Taking the plunge for charity 2009: 11 Past

Taking the plunge for charity

For 11 of the past 13 years, Karen Klatt and her husband, Tony, have joined those who dive, cannonball and belly-flop their way into

Hartwell Lake&8217s frigid winter waters each February during the Polar Bear Plunge. The year the charitable event is set to take place beginning at 11:30 a.m. Feb. 28 at the Hartwell Marina near Hartwell, Ga. &8220I&8217ve taken the plunge nearly every year, and now my grandkids are plunging in with me,&8221 said Karen Klatt, an advertising executive from Anderson who started the event 13 years ago with her husband, who is a chiropractor. According to executive director Blondie Willingham, the Polar Bear Plunge has raised more than $100,000 for the shelter since its inception in 1995. The Hartwell-based shelter now serves more than 200 women and their families, eight of whom live at the shelter full time, Willingham said. But for Klatt, who estimates more than 1,000 people have made the plunge in the past 13 years, the real fun is a two-part process: Enjoying the costumes people wear, and seeing their faces when they come up out of the chilly water for air. &8220The most fun is seeing the costumes and the smiling people. We&8217ve had grown men show up in diapers dressed like babies,&8221 Klatt said. &8220We&8217ve had women dress up as Daisy Duke, Hillary Clinton, and even one creative girl who came dressed as a bubble gum machine. But, regardless of how they&8217re dressed, when they pop up out of that water, their faces all look the same &8212 shocked.&8221 &8220The youngest plunger we&8217ve had was 3 years old. He dove in from his grandfather&8217s shoulders. The oldest one was in his 70s,&8221 she said.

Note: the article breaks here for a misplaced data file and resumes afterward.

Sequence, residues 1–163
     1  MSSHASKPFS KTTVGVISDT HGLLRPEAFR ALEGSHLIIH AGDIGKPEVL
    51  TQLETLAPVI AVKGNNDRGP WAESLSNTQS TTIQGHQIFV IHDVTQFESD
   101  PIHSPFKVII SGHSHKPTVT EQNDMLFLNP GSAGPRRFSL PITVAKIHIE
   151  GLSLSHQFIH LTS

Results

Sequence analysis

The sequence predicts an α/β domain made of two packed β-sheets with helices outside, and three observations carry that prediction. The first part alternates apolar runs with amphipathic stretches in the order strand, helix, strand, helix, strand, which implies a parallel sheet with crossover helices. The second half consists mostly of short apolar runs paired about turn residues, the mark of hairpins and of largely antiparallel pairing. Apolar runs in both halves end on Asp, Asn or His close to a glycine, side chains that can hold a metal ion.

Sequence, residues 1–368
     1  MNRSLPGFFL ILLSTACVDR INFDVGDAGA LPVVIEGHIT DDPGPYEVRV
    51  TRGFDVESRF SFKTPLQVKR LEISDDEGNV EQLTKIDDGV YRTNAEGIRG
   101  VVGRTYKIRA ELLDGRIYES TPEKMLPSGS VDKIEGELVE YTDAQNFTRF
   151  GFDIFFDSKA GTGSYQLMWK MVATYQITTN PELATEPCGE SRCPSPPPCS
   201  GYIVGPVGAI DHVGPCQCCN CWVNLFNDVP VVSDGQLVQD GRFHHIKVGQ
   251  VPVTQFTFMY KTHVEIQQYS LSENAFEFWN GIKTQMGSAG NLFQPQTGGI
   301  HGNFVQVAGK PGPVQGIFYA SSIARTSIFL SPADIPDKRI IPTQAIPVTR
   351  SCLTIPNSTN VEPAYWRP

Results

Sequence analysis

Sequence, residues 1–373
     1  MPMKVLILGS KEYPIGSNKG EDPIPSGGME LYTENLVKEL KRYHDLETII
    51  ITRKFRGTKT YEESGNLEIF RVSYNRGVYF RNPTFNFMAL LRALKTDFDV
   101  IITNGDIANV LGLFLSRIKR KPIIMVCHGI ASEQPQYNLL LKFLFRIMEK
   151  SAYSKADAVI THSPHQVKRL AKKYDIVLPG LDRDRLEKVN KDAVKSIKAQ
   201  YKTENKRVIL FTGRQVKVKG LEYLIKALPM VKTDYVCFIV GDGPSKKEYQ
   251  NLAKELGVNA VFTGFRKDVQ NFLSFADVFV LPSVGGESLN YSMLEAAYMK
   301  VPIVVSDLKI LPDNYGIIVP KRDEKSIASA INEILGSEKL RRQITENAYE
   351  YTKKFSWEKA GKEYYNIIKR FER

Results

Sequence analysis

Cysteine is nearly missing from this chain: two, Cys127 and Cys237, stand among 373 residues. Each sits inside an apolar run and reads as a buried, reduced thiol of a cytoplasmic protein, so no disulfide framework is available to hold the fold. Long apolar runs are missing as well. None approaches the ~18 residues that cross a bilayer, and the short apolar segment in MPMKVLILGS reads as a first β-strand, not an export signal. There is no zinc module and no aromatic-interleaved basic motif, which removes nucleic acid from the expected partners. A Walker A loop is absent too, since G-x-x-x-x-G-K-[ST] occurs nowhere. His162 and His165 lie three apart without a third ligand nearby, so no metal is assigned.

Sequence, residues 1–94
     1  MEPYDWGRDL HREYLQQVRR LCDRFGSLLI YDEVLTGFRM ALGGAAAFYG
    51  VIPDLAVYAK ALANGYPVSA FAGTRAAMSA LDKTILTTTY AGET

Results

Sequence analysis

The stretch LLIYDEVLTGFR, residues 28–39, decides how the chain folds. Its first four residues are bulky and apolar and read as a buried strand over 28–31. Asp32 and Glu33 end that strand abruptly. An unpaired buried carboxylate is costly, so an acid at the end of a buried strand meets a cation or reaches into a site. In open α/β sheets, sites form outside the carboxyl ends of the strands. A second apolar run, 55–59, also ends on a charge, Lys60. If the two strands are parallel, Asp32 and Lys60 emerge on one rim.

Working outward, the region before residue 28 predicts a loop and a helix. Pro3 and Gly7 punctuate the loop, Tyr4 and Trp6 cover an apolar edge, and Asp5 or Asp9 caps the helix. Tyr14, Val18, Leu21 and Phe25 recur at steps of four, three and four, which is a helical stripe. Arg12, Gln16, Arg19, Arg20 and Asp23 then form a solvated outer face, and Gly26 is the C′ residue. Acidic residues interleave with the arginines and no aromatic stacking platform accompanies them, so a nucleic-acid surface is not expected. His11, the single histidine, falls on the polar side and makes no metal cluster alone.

&8220It is a fun way to support a very worth cause. Jumping into a little bit of cold water is a small price to pay for raising awareness and support of battered families,&8221 Klatt said.

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